As we headed back to Bucharest, I received a call from Duane Butcher, the chargé d’affaires in the U.S. Embassy (the de-facto ambassador, as we do not have an ambassador to Romania at the moment). He wanted to know what had happened at the library, and I gave him a synopsis. He told me that a Facebook post I’d written about the incident had been picked up by the country’s wire service, Mediafax, and was being widely reported in the national media. He said that he would be writing an official letter about the matter to the Romanian government.

ACCEPT soon issued a press release. Florin Buhuceanu was quoted in it, saying, “A human-rights organization militating for L.G.B.T. rights in Romania cannot access a lecture hall in the most important library in Bucharest? An illustrious American writer and journalist should not speak about sexuality and identity in a cultural institution? Books written by gay authors, foreign or Romanian, will be disregarded in an academic and literary setting because of the sexual orientation of their authors?” Remus Cernea, a member of parliament, told the press that he had asked the education ministry to punish the people responsible within the Central University Library. (After being called out on the floor of the parliament and in the press, the library officials have made a ludicrous claim that it was a “bad approach.”)

That night, I was scheduled to have a forty-minute conversation with Mircea Cărtărescu at the New Europe College, a gathering place for the urban intelligentsia. Fifty or sixty people had been expected, but we found perhaps three hundred filling the seats, crowding the aisles, and spilling over into the hallway. The beginning of our conversation was predictably affable, but twenty minutes in Mircea said, “And now I want to apologize personally for what happened to you at the library. I hope you know that these backward views do not represent the mind-set of all Romanians.” The audience burst into rambunctious applause. “We can only hope your other experiences in Romania have shown you the true hearts of our people,” Mircea said, to further applause from a beaming audience. Our conversation ended up running for almost three hours; I signed another two hundred books afterward, for people all of whom expressed their contrition. The last in line was Remus Cearnea, who said, “The legislation for recognizing civil unions failed, as you know, but there were three days of debate about a topic no one would have thought to discuss a year ago. Please give us a little bit of time. Our politicians are more conservative than our society.”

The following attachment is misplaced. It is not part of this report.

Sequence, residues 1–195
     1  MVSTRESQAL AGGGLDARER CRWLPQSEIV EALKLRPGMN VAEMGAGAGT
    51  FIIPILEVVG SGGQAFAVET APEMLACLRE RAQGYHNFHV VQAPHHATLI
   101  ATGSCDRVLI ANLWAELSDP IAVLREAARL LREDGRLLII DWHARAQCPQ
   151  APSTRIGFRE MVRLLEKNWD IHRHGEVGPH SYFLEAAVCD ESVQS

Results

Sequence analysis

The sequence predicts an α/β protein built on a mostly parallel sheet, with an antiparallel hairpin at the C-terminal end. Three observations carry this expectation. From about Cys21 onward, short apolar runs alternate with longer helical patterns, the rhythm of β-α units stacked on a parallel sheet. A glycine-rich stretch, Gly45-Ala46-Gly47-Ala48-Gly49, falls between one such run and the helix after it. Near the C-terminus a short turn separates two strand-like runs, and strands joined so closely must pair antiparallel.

Societies in transition are always studies in contradictions. How did Romania relate to Jews, to the mentally ill, to gay people, to Gypsies? Everything I represented seemed to attract prejudice there. I had not intended to set off a scandal, nor had I anticipated how sad the six-day trip would make me. But I had likewise not imagined the surges of joy beneath those cherry trees and at New Europe College. The supporters of social liberalization in a poor, conservative, religious country are not the mainstream. Those women with hoes near Dorohoi were not going to get behind gay marriage or mental health, and they probably don’t like Jews or Gypsies. But Romanian is a Latin language, and Romanians blend the warmth of Italians with the combative spark of Slavs. Various Romanians pointed out that, because my grandfather was born there, I could get a Romanian passport, and some asked me to do so. I’m contemplating it seriously. It’s a horrible place and we were lucky to get out of there, but it’s also a wonderful place and I’m lucky to have returned.

Funeral chapel, Jewish cemetery, Dorohoi, Romania. Photo: Andrew Solomon.

Funeral chapel, Jewish cemetery, Dorohoi, Romania. Photo: Andrew Solomon.